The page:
“It was a hard endeavor to overcome,” Elama said of his childhood. “Basically, my parents tried to shape me into a person who can be encouraging to others, because they themselves didn’t have what I have right now, the technology, the cars.”
Those things are not what prompted Core and Antoinette Elama, their five children (Jacque is the oldest) and one of Jacque’s uncles to relocate to Newport News, Virginia. Jacque said they arrived in 2004; Core recalled it was in 2005. Regardless of the timeline, one fact remained clear.
The Elamas were escaping their war-torn homeland in search of a better life, searching for a home in a country in which they were stepping foot for the first time.
“Once you come, you just come,” Core Elama said. “You need the help to get yourself set and [adjusted] to the new situation. You really need help in any way, so you set yourself in the community.”
The Elamas’ move from Congo, a country of nearly 90 million people in central Africa, was fraught with challenges, not the least of which was learning a different language. Jacque Elama’s parents needed jobs; they found work in factories. They did not know how to drive and never had experienced the mundane tasks that Americans take for granted, such as going to the grocery store, paying bills and scheduling medical appointments.
The family had never owned a television — or operated an oven, for that matter. So much was new, but they were ever so grateful.
Their circumstances were much improved from the world they left behind.
“The struggles were absolutely difficult, compared to how I’m living here in the U.S.,” Jacque Elama said. “The basic necessities were hard to come by [in Congo], so we had to struggle to get food and water for the family. Mostly as a child, I personally did not experience any personal hardship, because what you’re doing is just playing around, having as much fun as you can without worrying about the outside world.
“I was pretty much enjoying my life as much as I possibly could.”
A Catholic charity organization helped the Elamas relocate to America.
Jacque Elama credited one couple in that group in particular, Keith and Jill Boadway, with being especially helpful in easing the family’s transition.
“They came to our house for Thanksgiving,” Jill Boadway said. “Jacque used to come to our house during the summer and spend a week at our home. We have a son who’s about the same age. It was a real blessing.”
Spc. Jacque Elama. Courtesy photo.
The Elamas became U.S. citizens in 2010 and moved to Ohio when Jacque was in high school. He joined the Ohio National Guard in 2017 and embraced the opportunity to participate in his unit’s mission as a volunteer at a food bank.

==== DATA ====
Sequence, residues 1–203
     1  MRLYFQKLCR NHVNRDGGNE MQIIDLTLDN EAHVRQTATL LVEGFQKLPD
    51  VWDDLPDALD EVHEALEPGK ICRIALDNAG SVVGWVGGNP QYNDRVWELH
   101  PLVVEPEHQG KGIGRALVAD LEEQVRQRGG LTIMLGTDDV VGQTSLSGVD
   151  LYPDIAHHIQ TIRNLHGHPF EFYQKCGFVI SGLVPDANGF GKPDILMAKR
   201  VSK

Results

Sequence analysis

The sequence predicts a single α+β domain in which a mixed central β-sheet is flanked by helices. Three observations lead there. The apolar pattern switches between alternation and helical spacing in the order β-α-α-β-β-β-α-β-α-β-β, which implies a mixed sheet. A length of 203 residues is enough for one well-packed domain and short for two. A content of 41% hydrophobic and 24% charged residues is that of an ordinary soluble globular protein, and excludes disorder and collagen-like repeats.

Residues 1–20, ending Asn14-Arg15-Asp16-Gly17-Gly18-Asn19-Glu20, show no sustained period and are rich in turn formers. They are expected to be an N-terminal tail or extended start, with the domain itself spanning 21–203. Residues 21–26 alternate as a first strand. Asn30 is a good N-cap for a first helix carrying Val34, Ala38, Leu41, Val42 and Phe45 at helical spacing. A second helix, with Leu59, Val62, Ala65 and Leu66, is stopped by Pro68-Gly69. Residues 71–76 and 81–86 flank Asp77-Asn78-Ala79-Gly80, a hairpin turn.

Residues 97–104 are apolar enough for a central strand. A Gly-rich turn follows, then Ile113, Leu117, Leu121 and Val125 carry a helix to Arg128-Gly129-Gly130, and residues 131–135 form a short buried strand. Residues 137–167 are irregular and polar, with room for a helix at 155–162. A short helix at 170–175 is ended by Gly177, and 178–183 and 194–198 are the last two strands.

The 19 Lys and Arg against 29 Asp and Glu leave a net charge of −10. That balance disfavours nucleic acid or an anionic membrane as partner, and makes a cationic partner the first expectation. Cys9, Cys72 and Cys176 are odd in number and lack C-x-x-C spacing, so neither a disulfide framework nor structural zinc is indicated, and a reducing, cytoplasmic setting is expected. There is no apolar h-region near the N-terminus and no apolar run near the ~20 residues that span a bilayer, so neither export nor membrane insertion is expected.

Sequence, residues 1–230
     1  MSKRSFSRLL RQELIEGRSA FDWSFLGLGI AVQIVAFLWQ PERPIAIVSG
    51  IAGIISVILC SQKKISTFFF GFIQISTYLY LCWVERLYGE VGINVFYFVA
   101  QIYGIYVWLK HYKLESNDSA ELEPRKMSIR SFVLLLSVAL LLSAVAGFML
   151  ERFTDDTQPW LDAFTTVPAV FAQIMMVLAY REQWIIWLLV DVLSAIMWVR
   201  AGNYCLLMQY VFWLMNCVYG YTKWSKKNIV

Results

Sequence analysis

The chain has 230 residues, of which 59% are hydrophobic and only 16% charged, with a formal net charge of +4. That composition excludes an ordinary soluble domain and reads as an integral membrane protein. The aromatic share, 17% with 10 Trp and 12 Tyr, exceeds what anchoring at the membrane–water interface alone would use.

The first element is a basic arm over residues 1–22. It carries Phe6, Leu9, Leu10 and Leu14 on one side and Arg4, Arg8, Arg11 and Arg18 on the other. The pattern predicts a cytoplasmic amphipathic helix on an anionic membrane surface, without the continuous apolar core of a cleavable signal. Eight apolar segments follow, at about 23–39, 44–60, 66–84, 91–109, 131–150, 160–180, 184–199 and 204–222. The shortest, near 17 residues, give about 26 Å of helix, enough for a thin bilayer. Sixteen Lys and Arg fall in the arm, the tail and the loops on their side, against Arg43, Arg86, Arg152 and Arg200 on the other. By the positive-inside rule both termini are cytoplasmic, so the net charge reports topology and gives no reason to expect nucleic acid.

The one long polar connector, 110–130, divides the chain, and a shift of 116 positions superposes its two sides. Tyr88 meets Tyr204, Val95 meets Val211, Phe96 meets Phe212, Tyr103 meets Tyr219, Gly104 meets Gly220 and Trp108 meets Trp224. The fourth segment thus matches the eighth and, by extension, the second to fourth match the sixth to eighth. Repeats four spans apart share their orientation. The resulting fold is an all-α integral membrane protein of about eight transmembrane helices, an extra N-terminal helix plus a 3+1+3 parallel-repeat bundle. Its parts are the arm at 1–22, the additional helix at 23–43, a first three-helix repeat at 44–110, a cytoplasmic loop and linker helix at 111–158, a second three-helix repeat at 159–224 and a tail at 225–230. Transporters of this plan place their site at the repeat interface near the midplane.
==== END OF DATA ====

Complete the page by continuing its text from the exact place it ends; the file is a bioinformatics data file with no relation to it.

Elama packs boxes for emergency relief, veterans and senior citizens and distributes them to those same groups, said Lt. Michael Porter, the task-force leader.
For 40 hours a week, Elama sees it as a way to give back. Each box reminds him of his parents’ sacrifice.
“I think about it every day,” said Elama, a senior at Bowling Green studying international relations. “It’s a blessing and an honor to be out there and help people, because that’s what I want to do in the future. I want to continue to help others.”
A watchdog report to the U.S. Congress has warned that Afghanistan is likely to face a health disaster in the coming months brought on by the coronavirus pandemic.
The April 30 report by the U.S. Special Inspector-General for Afghanistan Reconstruction (SIGAR) has heightened concerns that the pandemic could derail stalled peace efforts brokered by the United States.
The spread of COVID-19, the disease caused by the coronavirus, has significantly impacted Afghanistan.
“Afghanistan’s numerous and, in some cases, unique vulnerabilities — a weak health-care system, widespread malnutrition, porous borders, massive internal displacement, contiguity with Iran, and ongoing conflict — make it likely the country will confront a health disaster in the coming months,” the report concludes.
The pandemic has forced the closure of border crossings, disrupting commercial and humanitarian deliveries.
SIGAR, which monitors billions of dollars spent in Afghanistan by the United States, warns that rising food prices are likely to worsen as the crisis continues.
Afghanistan has confirmed nearly 2,200 coronavirus cases and 64 deaths, according to local news reports quoting the Afghan Health Ministry.
Taliban militants fighting U.S.-led coalition forces in Afghanistan signed a deal with Washington in February — raising hopes that formal peace talks between the militants and Afghanistan’s central government could start soon.
The Taliban committed to severing ties with terrorists and preventing terrorists from using territory under its control to launch attacks against the United States or its allies, including the Afghan government.
In exchange for those guarantees, the United States agreed to withdraw all of its troops from Afghanistan by July 2021.
Since signing the deal, Taliban militants have escalated attacks on Afghan security forces.
Last week, the Taliban rejected a proposal by the Afghan government for a cease-fire during the holy month of Ramadan.